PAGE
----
Your dive gear includes a display that tells you how much air you have in your cylinder — think of it like the gas gauge on your car. You’ll learn to check this gauge regularly, so it’s unlikely you’ll run out of air while scuba diving. If you do run out for some reason, your buddy has an extra mouthpiece (regulator) so you can share your buddy’s air while you swim to the surface. Some divers also choose to dive with a small backup supply of air.

Do people die scuba diving?

Unfortunately, yes. Like any activity in the natural environment, there are inherent risks in diving that can never be fully eliminated. However, with proper training and when following sound diving practices, the likelihood of a fatal accident is low – in the US there were only 50 diver fatalities reported in 2014 (the last year for which data are available). With a diver population estimated at 3 million, the diver fatality study for 2014, as published by Divers Alert Network (DAN), reported an approximate 2 per 100,000 participants fatality rate, which “appears to be relatively stable over time.” This compares favorably with other common sports:

-Jogging (13 per 100,000 participants)

– Swimming (6 per 100,000 participants)

– Horseback riding (est. 128 deaths per 100,000 participants)

Considering diving fatalities further, about 45 percent of dive fatalities are precipitated by a health-related event, and about 25 percent are associated with a cardiac event, mostly in older divers. DAN’s most recent Annual Diving Report* states, “Older, heavier divers with pre-existing heart or blood-pressure conditions are at elevated risk of dying while scuba diving, compared with younger, healthier divers. Fifty-three percent of male and 54 percent of female victims were 50 years old or more.”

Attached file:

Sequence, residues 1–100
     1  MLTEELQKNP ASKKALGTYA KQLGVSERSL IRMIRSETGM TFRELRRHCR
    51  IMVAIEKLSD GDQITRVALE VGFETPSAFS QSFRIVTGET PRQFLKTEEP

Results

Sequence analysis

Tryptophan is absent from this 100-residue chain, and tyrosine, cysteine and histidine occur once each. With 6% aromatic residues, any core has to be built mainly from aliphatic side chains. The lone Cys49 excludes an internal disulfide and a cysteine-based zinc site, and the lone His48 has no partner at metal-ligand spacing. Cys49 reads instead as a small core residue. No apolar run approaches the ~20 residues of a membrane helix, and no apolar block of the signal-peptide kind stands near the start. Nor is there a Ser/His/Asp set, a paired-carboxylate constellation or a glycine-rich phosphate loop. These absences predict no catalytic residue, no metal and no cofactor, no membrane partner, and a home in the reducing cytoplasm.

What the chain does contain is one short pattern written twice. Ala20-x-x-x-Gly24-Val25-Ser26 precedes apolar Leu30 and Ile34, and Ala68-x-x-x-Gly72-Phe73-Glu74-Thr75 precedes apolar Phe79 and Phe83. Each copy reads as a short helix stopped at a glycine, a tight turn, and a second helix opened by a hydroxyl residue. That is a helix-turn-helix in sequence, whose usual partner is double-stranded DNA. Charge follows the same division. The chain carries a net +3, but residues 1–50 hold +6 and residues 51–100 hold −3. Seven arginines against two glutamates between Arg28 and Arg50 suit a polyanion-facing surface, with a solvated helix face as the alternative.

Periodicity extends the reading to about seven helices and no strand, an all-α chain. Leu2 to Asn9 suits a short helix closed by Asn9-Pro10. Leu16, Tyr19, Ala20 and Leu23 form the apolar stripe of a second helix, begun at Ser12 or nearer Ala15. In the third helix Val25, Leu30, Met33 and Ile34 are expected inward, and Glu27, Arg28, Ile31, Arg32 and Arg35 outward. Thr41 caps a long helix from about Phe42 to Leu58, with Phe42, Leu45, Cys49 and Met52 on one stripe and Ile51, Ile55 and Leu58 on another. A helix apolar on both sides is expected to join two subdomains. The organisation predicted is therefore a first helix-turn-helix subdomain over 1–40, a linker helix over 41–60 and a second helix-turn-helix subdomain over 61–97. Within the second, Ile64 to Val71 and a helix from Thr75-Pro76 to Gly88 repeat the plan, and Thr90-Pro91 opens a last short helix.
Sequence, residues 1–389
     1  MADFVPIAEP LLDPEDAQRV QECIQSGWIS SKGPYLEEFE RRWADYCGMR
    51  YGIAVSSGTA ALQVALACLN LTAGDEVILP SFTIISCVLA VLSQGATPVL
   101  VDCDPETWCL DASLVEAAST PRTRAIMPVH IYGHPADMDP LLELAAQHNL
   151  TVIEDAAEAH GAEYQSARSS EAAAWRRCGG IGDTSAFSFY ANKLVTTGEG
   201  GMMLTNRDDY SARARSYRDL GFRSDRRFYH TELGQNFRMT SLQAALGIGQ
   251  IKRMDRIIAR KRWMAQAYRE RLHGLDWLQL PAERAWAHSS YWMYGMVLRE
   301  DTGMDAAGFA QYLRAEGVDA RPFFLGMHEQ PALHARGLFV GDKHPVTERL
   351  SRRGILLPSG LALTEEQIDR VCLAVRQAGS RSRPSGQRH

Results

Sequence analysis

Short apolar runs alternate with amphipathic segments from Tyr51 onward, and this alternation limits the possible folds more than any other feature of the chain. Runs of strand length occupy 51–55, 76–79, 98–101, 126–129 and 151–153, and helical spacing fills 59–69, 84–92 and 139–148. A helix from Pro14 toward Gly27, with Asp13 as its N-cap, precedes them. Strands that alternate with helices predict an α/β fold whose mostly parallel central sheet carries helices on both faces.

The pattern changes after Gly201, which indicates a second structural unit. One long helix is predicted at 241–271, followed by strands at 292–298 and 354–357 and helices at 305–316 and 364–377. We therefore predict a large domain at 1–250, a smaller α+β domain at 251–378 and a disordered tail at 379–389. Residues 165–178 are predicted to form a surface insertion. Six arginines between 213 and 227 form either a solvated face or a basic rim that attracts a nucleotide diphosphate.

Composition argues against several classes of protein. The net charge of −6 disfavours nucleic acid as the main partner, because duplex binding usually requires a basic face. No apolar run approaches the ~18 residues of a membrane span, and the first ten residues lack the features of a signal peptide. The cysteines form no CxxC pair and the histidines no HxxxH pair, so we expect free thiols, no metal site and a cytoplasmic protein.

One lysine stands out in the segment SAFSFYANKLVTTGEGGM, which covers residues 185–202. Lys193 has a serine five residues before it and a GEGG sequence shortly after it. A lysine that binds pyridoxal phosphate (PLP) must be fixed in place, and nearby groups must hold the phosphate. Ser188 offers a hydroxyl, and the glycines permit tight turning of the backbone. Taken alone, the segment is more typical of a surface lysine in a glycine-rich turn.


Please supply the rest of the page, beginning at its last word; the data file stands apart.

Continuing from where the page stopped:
* Divers Alert Network® (DAN) publishes the DAN Annual Diving Report each year. It includes data and analysis on dive incidents, injuries and fatalities for a given year.

 

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Photo: Tod Warren

Proper Training and Following the Rules are Key

The majority of scuba diving injuries and deaths are the result of diver error. So it’s important to get proper training and always follow the rules and procedures you learned in class.

In the PADI Open Water Diver course, you’ll learn important skills and safety concepts and practice them in a pool (or pool-like environment) before moving on to the ocean, lake or other large body of water. If you’re not sure if an open water certification is for you, ask your local PADI Dive Center or Resort about a Discover Scuba Diving experience. You’ll get a chance to try on scuba gear, breathe off a scuba tank, have some fun with friends and find out if scuba diving is for you.

PADI Instructors are held to diving’s highest standards. All PADI programs fall under strict educational standards monitored for worldwide consistency and quality. PADI randomly surveys PADI Divers to confirm their courses meet PADI’s high standards as well as the divers’ expectations. No other diver training organization works to maintain this level of professional reliability and integrity.

We hope this article has helped put your mind at ease about scuba diving. If you have additional questions, contact your local PADI Dive Center or Resort, or reach out to our community of divers on Facebook.

Source: https://www2.padi.com/blog/2017/07/17/scuba-diving-safe/